The manager felt a bit strange bargaining with a being that was
        invisible—and, as far as he was concerned, imaginary. But he looked over at
        the pile of broken drill bits and told the seer that the Hidden One had a
        deal. Work on the site was shut down for five days to give the elf a chance
        to move. When five days had passed and the workmen resumed drilling, the
        work went smoothly and efficiently until the addition to the plant was
        completed. There were no more shattered drill bits.
        Because the incident cited above occurred in 1962—practically medieval
        times in some young people’s minds—many readers will no doubt assume that
        Icelanders of the 21st century no longer cherish such quaint beliefs. Those
        readers would be wrong.
        In the Boston Herald, December 25, 2005, Ric Bourie wrote that highway
        engineers and construction crews still regard the Hidden Folk very
        seriously: “Mischief befalls Icelandic road builders who can’t recognize
        good elf domain, including breakdowns of heavy equipment and even worker
        mishaps and injuries. It is said to have happened on more than one job site,
        enough to take the mythology seriously. Consequently, road planners here
        consult with an elf expert before routing a road or highway through rock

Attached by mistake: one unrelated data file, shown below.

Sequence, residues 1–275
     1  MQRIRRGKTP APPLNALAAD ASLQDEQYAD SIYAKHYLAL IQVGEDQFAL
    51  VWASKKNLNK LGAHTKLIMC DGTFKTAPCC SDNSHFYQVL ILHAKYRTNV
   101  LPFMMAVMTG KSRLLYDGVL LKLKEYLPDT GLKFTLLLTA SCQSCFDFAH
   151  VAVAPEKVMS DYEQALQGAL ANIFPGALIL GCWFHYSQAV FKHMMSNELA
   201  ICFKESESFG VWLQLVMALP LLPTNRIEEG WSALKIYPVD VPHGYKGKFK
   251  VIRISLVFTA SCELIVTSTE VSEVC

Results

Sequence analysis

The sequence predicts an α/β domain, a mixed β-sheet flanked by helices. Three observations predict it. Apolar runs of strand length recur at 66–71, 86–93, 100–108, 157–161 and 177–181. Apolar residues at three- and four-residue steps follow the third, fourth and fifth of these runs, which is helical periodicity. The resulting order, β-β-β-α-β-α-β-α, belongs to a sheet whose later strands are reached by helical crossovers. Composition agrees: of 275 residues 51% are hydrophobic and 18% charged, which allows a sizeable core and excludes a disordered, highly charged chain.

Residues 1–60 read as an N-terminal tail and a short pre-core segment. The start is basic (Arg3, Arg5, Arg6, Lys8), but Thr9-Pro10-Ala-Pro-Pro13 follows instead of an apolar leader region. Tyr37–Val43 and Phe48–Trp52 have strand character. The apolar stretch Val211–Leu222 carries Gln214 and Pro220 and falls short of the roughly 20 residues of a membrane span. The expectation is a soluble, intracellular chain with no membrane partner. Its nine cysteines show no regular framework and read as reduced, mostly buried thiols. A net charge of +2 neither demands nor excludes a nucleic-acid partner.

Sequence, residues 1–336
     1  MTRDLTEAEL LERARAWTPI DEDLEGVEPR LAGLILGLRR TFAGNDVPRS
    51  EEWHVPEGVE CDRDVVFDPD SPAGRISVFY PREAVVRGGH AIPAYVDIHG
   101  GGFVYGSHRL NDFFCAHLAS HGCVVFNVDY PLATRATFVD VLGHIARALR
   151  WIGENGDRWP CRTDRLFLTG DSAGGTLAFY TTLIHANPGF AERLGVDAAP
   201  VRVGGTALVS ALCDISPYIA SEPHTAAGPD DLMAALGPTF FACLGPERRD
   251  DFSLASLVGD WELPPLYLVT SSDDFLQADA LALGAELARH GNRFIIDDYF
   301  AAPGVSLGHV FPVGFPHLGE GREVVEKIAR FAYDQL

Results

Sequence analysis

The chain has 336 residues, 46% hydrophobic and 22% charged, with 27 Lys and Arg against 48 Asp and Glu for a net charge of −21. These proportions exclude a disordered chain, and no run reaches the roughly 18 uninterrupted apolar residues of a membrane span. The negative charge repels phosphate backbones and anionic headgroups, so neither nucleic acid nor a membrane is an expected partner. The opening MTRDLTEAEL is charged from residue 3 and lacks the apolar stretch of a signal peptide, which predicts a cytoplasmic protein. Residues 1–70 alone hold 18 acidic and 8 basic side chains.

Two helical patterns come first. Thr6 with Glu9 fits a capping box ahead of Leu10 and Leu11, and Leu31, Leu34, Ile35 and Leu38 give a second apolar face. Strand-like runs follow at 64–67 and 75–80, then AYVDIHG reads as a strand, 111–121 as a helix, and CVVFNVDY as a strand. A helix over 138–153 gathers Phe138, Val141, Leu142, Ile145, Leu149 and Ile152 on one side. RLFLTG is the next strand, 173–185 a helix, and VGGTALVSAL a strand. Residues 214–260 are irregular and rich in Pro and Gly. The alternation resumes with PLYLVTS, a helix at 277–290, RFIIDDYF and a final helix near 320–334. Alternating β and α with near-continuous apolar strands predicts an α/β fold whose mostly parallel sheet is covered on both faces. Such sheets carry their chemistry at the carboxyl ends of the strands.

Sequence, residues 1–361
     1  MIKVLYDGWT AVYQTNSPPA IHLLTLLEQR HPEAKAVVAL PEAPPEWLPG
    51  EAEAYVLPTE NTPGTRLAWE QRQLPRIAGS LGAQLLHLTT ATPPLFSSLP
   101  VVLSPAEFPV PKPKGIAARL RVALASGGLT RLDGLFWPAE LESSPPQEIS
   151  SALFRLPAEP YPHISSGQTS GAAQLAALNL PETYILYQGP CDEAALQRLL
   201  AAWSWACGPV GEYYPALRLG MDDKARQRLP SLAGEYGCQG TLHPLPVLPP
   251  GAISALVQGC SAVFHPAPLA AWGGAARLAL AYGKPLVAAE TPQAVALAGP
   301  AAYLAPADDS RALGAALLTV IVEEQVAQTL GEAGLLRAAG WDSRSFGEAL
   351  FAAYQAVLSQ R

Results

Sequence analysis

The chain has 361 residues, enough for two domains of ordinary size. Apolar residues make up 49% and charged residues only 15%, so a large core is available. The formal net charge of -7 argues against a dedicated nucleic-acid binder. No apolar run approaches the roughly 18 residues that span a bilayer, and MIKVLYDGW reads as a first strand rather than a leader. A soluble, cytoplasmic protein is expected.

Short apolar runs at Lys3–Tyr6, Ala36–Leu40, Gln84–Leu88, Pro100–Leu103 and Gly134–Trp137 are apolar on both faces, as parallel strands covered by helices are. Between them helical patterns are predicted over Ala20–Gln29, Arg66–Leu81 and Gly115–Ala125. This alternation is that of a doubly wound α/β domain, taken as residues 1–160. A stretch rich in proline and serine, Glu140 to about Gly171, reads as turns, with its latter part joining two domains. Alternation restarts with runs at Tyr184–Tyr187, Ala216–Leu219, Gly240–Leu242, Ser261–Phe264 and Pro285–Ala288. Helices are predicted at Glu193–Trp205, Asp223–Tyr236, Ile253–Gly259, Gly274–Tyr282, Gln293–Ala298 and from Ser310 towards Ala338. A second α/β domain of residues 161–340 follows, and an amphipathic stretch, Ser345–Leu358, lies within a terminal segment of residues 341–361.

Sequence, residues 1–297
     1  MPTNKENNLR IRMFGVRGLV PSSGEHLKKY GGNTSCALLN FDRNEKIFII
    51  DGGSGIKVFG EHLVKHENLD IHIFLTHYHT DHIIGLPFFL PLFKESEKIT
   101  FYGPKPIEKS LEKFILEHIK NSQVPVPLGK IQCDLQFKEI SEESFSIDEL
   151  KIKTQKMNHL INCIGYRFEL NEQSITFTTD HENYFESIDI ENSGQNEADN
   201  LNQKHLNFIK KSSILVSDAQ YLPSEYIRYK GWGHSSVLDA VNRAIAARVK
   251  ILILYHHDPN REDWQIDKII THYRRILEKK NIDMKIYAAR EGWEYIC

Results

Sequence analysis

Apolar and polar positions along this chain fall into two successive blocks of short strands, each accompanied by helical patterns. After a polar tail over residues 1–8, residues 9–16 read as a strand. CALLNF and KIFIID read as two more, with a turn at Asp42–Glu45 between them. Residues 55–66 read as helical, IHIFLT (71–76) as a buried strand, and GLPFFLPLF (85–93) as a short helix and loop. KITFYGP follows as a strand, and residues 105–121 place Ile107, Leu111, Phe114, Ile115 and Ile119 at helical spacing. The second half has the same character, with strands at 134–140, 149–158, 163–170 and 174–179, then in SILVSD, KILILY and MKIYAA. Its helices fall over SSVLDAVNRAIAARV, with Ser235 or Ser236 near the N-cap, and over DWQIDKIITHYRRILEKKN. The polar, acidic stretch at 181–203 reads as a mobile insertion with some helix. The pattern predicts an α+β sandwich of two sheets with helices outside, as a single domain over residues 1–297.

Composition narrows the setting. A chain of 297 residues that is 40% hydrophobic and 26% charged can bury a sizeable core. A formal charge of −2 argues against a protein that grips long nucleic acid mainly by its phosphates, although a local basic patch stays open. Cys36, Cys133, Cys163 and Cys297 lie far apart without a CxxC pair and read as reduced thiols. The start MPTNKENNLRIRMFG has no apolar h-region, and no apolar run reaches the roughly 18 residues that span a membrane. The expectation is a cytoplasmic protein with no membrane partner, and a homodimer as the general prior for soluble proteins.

piles that may be elf habitat.”
        Bourie interviewed elf seer Erla Stefansdottir, who named elves, gnomes,
        dwarves, angels, light-fairies, and “the hidden people” as all belonging to
        classes of what she called elfin beings. Any of the above-named entities,
        Ms. Stefansdottir said, “…can get quite upset if we ruin their houses or go
        against their wishes. They get very upset and we have to face the
        consequences. They can put a spell on us.”
        Fairy Mound Disturbed
        While some people may be surprised that stereotypically stoic
        Scandinavians believe in elves and other beings from the hidden world, it
        seems that the whole world embraces the stereotype of the country folk of
        Ireland taking their wee people seriously. According to popular leprechaun
        and elf stories, the Irish know that to disturb the mounds or raths in which
        they dwell is to invite severe supernatural consequences.
        Since ancient times, it seems that the Irish have understood that there
        are certain areas that the wee ones consider sacrosanct, special to them.
        Certain mounds, caves, creek areas, and forest clearings have been staked
        out by the Hidden Ones as their very own, and the wise human, sensitively in
        touch with the natural environment, knows better than to trespass on such
        ground.



        > continue to page two

        [Non-text portions of this message have been removed]